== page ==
They say that plans for the next Cheltenham Festival get under way pretty much as soon as the last of the runners have crossed the winning line in the last race.
So, that must mean it's a good time too for journalists and broadcasters to do their equivalent, and here (hopefully, not to return and haunt me) I present my six to watch for 2014.
Hurricane Fly: champion again, or maybe a new one?
Hurricane Fly's historic regaining of the Champion Hurdle title he won in 2011, but ceded to Rock On Ruby (second this time) a year later, continued the finest of runs, but holding on to it again may be problematic.
The younger brigade is lining up against the nine-year-old, headed by two highly-promising Festival novice winners in Our Conor (Triumph) and The New One (Neptune).
Our Conor, only four, was so utterly dazzling when thrashing his rivals that you couldn't help but think that he'd have been a plausible opponent for Hurricane Fly this season.
Traditional thinking has it that Triumph Hurdle victors are up against it in the following campaign, but Countrywide Flame, third behind 'The Fly', showed that's not always the case, and he's another one sure to be back for more in 2014.
Stablemates clash: Sprinter Sacre v Simonsig?
The two-miles of the Queen Mother Champion Chase, is Sprinter Sacre's distance, and that's where he is expected to be staying, with the title at his mercy on current evidence.
In contrast, the two-mile Arkle Chase winner Simonsig, trained like Sprinter Sacre by Nicky Henderson, looks to have more options, having won two Irish point-to-points over three miles.
He's something of an unfinished article at the moment, a bit fresh and exuberant to be asked to race a lot further than the two miles now maybe, but when he settles down, who knows?
Henderson tends to laugh off talk of a clash, but I'm not sure he really wants two of his brilliant stable stars taking each other on when it's widely believed Sprinter Sacre would come out on top.
It's possible Simonsig might eventually be a Gold Cup candidate.
Queen of Cheltenham: six in a row for Quevega?
She'll only be 10 years old in 2014, and Quevega will be short odds to surpass 1930s Gold Cup legend Golden Miller and win 'her race', the mares' championship, for a sensational sixth time.
A combination of not 'having too many miles on the clock'- i.e. she doesn't race often - and a vast superiority to her peers would make her hard to beat.
This year's winning distance of one-and-a-half lengths was her narrowest of the five, but should not be taken as any sort of diminution of her abilities.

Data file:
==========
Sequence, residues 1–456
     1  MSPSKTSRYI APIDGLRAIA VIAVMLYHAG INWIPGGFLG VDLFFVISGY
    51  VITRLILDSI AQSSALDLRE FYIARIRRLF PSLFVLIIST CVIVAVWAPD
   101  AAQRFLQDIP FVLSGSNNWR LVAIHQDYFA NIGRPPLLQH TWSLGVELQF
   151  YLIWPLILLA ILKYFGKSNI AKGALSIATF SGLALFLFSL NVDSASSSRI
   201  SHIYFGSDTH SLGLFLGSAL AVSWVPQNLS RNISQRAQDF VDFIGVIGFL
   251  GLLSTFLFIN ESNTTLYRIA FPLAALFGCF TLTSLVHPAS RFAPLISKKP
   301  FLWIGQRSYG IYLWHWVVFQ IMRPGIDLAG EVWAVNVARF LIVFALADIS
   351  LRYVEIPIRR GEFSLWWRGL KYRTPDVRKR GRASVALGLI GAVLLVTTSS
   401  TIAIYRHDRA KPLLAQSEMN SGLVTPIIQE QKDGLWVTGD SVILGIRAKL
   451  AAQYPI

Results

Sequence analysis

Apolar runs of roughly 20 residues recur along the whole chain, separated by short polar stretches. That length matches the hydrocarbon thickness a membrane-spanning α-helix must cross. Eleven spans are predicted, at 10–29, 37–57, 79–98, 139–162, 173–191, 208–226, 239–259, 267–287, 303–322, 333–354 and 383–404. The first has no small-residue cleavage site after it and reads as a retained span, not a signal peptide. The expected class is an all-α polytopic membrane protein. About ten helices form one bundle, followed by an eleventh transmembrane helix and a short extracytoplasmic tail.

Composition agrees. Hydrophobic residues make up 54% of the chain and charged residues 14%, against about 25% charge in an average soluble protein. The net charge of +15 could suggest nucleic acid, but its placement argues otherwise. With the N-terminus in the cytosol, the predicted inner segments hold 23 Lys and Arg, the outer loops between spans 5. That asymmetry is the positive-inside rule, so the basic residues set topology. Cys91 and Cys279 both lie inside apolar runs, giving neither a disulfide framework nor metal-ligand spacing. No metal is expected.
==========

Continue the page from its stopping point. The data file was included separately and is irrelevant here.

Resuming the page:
Something happened at the top of the hill - jockey Ruby Walsh thought she trod on herself- but the manner in which she recovered and stormed home was nothing short of exemplary.
The Big Buck's return: has he anything to fear in the World Hurdle?
In the absence of four-time champion Big Buck's through injury, many thought they had a chance of glory, and this became the most competitive of the 'big four' races of the week.
People have been a little sniffy about the winner, Solwhit, already victorious at Grade One level six times in shorter races, but the manner in which he galloped up the final hill, so dismissing stamina doubts, was striking.
I'm not saying he would defeat a returning Big Buck's, but this horse, four times a runner-up behind Hurricane Fly, has plenty of class, together with versatility, and could be relied upon to make a race of it.
At Fishers Cross is also emerging in the staying hurdles division, and looked a real young professional in the Albert Bartlett Hurdle, while Oscar Whisky's World Hurdle bolt looks shot.
Worth his weight in gold: Bob's Worth repeat?
Gold Cup winner Bob's Worth, and the runner-up Sir Des Champs, were the top Festival staying novices last year, and with luck they will renew rivalry in 2014 and for some years to come.
Bob's Worth clearly relishes the Cheltenham challenge, especially the final hill, and coped with the rain-softened going, while Sir Des Champs seemed less happy. Both would prefer drier conditions.
That's five from five on the track for Bob's Worth, including a Festival hat-trick, rare for comprising three different races, and it would be no surprise to see him make a triumphant return next time.
Long Run, the 2011 winner, and The Giant Bolster were, like 12 months ago, gallant frame-fillers, and it's hard to imagine either making up the ground needed to overcome the first two.
Sir Des Champs' stablemate Boston Bob came down at the last in the RSA Chase when going strongly, and he'll quite likely be aiming at the Gold Cup, as will RSA winner Lord Windermere, a relentless galloper.
Bryan Cooper: the next Ruby?
There's no doubt 2013 was the year that jockey Bryan Cooper, 20, burst into the wider consciousness with his first three Cheltenham Festival winners.
Despite the pressure of being on board one of the Irish 'bankers', Our Conor, the son of trainer Tom Cooper showed maturity way beyond his years, steering the horse to a wide-margin victory.
And those skills clearly extend beyond the saddle with the ex-pony racing rider, who aged 10 'led up' his father's runner Total Enjoyment when she won the Festival Bumper, shining in media interviews.
When asked about being 'heir apparent' to Ruby Walsh, Cooper based with Dessie Hughes, trainer of Our Conor, replied that "of course he was flattered" and "would be pleased to be half as good".
Good young jockeys come and go, but those that vanish don't often ride trebles at Cheltenham: he's destined for big things.